Not every day is rainbows and butterflies. Sometimes we lose. Sometimes the universe reminds us that despite how hard we work we always need to do more. Today my friend Julian (Co-founder of Bronze Medical and Sam's Wife) said goodbye to a friend; a father said goodbye to his daughter and grandchild, a husband said goodbye to his wife and child, and his children said goodbye to their mother and brother.
Doreen was in labor with her fifth child and too far away to deliver at Bronze Medical leaving her next closest and best option to be transported on the back of a motorcycle to the government hospital. On the way to the hospital, nature took course and Doreen's husband pulled over to try to assist his wife with childbirth. He was not trained in medicine and there, on the side of the road, he watched as his wife delivered a stillborn baby boy and then bleed to death.
I cried for this friend, daughter, wife, and mother. I have never met her but a piece of her is forever ingrained in my heart because I am a daughter, wife, and mother. Because I am a woman. Because I am a human. I allow myself to feel the pain because it is equally as important to sit silently in the sadness of loss as it is to celebrate with pride in victory. It is in quiet reflection of our loss that we can regroup, recover, and re-strategize.
I cannot say that having a trained medical attendant there would have made this tragedy have a different outcome. What I can say is that having a trained person there would have let Doreen’s husband know that everything that could have been done to save her and their son was done. I cannot say that having an ambulance there would have saved Doreen, but I can say having an ambulance would have made her final moments more comfortable.
Marriage and children bring us hope. Hope of a new beginning, of a new life, another chance, a different way, a better tomorrow. When we are robbed of this hope we are left empty. Right now I feel hopeless, but I have to remember why I named this charity Project Hope. A project is something you work on over a period of time. It is not a simple, quick fix. A project involves many different elements, skill set, and talents. So we work on hope. We work on giving it, keeping it, letting it feed us and drive us beyond our sadness and back into optimism. Together we are what we cannot be alone. Together we have the courage to carry each other towards hope.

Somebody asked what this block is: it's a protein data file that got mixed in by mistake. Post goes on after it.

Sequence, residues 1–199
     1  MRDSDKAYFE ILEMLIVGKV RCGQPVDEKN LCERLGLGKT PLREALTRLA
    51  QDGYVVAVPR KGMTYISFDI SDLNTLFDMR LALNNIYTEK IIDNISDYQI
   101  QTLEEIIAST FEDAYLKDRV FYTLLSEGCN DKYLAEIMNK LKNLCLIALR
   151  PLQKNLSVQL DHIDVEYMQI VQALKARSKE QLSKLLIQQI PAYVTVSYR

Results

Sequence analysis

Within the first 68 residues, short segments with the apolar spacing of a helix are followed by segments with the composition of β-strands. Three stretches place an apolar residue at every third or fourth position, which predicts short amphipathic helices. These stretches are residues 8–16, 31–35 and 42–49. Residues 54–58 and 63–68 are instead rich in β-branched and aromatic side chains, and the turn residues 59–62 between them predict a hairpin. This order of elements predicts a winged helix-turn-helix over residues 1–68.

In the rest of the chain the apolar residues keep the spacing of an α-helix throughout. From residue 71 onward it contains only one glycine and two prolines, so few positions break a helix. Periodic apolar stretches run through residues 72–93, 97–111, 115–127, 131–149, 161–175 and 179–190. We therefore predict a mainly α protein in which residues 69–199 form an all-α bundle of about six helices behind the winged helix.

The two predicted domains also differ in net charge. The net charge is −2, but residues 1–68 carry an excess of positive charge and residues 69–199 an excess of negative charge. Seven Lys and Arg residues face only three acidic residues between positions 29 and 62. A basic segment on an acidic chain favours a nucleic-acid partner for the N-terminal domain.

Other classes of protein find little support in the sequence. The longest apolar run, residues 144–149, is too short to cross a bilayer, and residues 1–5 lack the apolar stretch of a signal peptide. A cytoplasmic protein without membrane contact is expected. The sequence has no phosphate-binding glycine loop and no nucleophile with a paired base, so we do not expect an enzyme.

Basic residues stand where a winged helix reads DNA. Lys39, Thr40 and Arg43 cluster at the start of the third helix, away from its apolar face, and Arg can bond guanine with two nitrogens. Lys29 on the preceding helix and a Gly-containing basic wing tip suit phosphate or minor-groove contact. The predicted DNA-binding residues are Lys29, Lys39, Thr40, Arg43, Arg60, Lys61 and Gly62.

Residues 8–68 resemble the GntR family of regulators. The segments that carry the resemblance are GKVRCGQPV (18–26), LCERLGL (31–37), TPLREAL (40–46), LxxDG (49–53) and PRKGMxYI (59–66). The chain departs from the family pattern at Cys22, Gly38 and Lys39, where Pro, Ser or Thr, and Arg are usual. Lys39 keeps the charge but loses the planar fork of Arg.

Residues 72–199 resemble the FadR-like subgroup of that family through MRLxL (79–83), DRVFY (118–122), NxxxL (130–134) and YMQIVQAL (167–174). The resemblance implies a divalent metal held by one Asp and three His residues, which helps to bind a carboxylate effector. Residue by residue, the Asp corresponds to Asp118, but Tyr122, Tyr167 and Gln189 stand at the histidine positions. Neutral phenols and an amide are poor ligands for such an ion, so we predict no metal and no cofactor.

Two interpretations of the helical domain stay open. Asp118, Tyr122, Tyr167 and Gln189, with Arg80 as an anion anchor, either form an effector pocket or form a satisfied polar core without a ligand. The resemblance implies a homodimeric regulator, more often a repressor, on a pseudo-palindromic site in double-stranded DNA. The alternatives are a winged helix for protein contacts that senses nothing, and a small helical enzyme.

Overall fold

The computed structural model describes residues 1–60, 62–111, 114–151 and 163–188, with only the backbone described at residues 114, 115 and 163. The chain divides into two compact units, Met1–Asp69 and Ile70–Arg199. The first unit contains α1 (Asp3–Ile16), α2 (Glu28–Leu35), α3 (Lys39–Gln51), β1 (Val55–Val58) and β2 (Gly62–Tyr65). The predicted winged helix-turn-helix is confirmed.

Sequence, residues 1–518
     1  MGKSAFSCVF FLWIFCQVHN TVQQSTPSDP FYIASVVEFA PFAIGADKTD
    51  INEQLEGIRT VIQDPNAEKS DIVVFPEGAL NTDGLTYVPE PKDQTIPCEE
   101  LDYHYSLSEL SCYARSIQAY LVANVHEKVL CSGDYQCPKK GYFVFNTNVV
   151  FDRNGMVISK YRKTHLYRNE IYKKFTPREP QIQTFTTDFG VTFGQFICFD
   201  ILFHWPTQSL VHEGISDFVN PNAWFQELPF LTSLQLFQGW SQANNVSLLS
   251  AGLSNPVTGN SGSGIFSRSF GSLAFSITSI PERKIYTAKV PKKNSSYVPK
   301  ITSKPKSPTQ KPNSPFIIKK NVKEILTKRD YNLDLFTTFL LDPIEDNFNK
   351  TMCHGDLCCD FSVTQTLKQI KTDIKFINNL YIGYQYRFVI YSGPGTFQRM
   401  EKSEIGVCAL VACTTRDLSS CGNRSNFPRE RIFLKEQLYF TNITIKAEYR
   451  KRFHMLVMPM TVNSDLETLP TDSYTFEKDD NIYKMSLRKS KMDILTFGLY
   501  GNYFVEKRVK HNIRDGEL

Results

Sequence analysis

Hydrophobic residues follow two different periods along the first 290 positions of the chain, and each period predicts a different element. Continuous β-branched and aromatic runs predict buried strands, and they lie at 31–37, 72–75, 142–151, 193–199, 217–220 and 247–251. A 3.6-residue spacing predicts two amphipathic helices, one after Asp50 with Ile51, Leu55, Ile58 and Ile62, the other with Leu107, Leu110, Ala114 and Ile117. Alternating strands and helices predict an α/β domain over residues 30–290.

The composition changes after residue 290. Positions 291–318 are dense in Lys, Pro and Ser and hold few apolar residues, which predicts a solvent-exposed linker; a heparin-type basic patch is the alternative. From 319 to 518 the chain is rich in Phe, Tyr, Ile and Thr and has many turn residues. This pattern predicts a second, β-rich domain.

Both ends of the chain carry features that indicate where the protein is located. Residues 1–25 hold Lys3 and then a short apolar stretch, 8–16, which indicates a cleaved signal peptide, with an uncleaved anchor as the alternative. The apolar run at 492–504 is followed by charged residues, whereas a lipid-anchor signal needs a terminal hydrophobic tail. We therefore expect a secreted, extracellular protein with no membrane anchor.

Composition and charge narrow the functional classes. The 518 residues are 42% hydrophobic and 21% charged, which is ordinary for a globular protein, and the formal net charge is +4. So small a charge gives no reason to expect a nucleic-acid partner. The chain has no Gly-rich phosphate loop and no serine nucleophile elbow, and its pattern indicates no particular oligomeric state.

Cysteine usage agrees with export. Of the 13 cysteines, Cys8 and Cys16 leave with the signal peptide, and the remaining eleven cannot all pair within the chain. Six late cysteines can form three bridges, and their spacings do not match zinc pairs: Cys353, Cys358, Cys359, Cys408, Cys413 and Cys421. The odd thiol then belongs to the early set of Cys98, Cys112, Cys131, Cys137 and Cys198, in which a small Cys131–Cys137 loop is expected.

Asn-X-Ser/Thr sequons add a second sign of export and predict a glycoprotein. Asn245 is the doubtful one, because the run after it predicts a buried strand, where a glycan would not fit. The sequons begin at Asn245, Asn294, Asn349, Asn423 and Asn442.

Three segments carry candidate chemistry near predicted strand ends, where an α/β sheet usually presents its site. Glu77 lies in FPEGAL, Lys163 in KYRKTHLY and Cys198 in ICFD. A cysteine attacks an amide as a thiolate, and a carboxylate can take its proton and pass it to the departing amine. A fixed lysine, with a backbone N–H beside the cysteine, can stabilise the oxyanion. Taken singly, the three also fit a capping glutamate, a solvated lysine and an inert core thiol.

I am grateful for the people who have given their time, talent, & support to Project Hope. You have given me hope. You are what encourages me to take the leap and try to fly. Whether I hit the ground with grace or sore with humility, I have a clear focus and that is because of Project Hope’s supporters and because of Doreen.
I will continue on with my efforts with Doreen in my heart. Every time I celebrate a healthy birth, I will remember the one we lost. I will do this so I don’t forget to always try. When I have given everything I have, I will dig deep and find more because of Doreen. I will do this because of who we are and what we were meant to do. The end result may ultimately be the same, but we will not go down without a fight.
Today I received word that Project Hope and Bronze Medical have been invited to competed in the second round of a private grant completion called D-Prize. Sam and I (along with my husband Robert) have formulated a plan to distribute Misoprostol (a drug that is used to stop hemorrhaging after birth) and train birth attendants in remote villages in Uganda to the standard of the World Health Organization. If we are selected, this grant can be up to $20,000 and would save thousands of lives. I have decided to call this effort Operation Doreen; for the woman we lost, for the mother who left four orphans, for the one who pushes me further daily. I will take her name and remove it from the thought of sadness and make it synonymous with hope.
Wish us luck in our efforts, we have a deadline of November 22nd and a ton of work to do!